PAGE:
Living on Your Own

Single Women, Rental Housing, and Post-Revolutionary Affect in Contemporary South Korea

By Jesook Song

Subjects: Cultural Studies, Women's Studies, Sociology Of Women, Social Stratification, Sociology, Public Policy
Paperback : 9781438450124, 164 pages, January 2015
Hardcover : 9781438450131, 164 pages, April 2014

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Table of contents

Introduction: Single Women, Rental Housing, and Post-Revolutionary Affect in the Context of the Global Youth Crisis
1. Journey to a Room of One’s Own
2. Unmarried Women’s Housing and Financial Insecurities
3. Between Flexible Labor and a Flexible Lifestyle
4. Affective Baggage and Self-Suspension
Glossary of Korean Words
Glossary of Romanized Korean Books and Films
List of Research Participants’ Pseudonyms

An ethnography of young, single women struggling to live independently in South Korea.


Living on Your Own is an ethnography of young, single women in South Korea who seek to live independently. Using extensive interviews, along with media analysis and archival research, Jesook Song traces the women's difficulties in achieving residential autonomy. Song exposes the clash between the women's burgeoning desire for independent lives and the ongoing incursion of traditional, conservative family ideology and marriage pressure into housing practices and financial institutions. She pays particular attention to the Korean rent system and the reliance on lump-sum cash even for basic subsistence, which promotes tight control of young adults' lives by family and kinship networks. The young women whose voices feature prominently in this book are a prototype of global youth in crisis: caught between aspirations for the self-development and flexible lifestyle championed by globalizing media and communication technology and the reality of their position as flexible labor in a neoliberal economy.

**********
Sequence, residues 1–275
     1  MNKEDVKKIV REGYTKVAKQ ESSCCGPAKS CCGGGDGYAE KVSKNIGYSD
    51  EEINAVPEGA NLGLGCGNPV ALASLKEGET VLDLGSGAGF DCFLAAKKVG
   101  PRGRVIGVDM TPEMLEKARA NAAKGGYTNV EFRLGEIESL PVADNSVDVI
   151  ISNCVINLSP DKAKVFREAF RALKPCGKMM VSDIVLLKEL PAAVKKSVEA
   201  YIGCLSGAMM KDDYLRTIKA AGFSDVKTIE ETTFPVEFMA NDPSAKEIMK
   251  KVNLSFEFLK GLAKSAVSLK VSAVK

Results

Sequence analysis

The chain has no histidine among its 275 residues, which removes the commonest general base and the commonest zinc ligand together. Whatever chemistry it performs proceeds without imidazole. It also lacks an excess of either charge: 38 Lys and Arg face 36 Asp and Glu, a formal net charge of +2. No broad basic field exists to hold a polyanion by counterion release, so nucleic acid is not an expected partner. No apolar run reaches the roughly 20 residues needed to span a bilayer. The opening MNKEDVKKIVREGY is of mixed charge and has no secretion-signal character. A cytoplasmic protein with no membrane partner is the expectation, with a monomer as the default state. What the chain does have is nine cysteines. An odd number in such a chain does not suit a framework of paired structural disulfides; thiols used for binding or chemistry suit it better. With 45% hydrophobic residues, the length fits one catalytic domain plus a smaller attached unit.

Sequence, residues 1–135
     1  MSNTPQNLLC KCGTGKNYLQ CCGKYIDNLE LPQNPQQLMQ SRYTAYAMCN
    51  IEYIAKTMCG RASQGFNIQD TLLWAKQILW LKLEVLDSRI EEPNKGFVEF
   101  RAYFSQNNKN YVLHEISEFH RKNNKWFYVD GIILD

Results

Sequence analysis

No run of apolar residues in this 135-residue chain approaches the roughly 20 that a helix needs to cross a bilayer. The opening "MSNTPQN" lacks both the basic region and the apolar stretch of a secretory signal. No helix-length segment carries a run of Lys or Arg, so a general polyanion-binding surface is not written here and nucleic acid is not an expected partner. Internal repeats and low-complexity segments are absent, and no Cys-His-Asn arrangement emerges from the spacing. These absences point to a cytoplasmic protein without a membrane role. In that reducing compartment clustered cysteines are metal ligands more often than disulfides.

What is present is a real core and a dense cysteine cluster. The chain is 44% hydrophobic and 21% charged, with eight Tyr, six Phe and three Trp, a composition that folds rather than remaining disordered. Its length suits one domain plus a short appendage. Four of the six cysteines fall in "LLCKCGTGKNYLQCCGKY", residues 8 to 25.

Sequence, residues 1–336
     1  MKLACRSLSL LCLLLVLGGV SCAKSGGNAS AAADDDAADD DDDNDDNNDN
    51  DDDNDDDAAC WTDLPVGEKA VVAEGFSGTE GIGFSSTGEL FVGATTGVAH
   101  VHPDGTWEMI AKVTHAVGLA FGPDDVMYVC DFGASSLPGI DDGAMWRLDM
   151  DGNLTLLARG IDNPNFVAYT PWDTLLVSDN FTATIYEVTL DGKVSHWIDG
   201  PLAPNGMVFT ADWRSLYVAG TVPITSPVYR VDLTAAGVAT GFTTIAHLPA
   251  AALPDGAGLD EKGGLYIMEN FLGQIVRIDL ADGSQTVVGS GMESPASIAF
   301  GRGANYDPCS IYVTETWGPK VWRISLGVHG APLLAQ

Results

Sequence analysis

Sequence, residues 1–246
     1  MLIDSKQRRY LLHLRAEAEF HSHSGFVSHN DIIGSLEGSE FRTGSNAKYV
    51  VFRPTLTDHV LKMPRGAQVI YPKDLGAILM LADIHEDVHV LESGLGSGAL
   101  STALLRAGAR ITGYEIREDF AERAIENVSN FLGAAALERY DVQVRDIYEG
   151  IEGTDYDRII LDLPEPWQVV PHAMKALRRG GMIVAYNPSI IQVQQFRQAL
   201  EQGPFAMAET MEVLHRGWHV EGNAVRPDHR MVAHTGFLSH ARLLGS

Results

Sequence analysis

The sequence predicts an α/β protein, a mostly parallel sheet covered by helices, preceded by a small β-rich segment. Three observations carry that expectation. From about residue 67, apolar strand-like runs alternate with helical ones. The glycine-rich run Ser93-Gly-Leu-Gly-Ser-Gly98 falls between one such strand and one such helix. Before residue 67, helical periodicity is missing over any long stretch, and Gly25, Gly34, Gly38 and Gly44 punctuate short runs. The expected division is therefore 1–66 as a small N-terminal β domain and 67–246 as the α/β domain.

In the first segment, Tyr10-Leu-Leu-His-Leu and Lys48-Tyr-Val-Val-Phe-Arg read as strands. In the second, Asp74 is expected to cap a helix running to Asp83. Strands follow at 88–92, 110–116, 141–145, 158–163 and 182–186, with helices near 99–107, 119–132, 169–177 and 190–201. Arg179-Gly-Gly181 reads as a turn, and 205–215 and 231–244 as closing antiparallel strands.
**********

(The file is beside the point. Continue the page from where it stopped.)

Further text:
Jesook Song is Associate Professor of Anthropology at the University of Toronto. She is the author of South Koreans in the Debt Crisis: The Creation of a Neoliberal Welfare Society and the editor of New Millennium South Korea: Neoliberal Capitalism and Transnational Movements.


"...Song's detailed depiction of the various patterns of postrevolutionary adjustments of former activists in South Korea is in itself most valuable and deserves attention." — American Anthropologist

"This is an account of some members of a pivotal generation of South Korean women and it gains poignancy from the author's own deep identification with her subjects. Song has a clear sense of her terrain and tells her story concisely and effectively … She also contributes a fresh chapter to the unfolding story of South Korean women and begs reflection on the global phenomenon of under-employed educated young adults." — Pacific Affairs

"This work is important to those interested in the gender politics of South Korea, as well as social scientists studying capitalism, financialization, or development." — Gendered Perspectives on International Development

"…Song's book focusing on single women and rental housing in South Korea is particularly welcome and useful." — Critique of Anthropology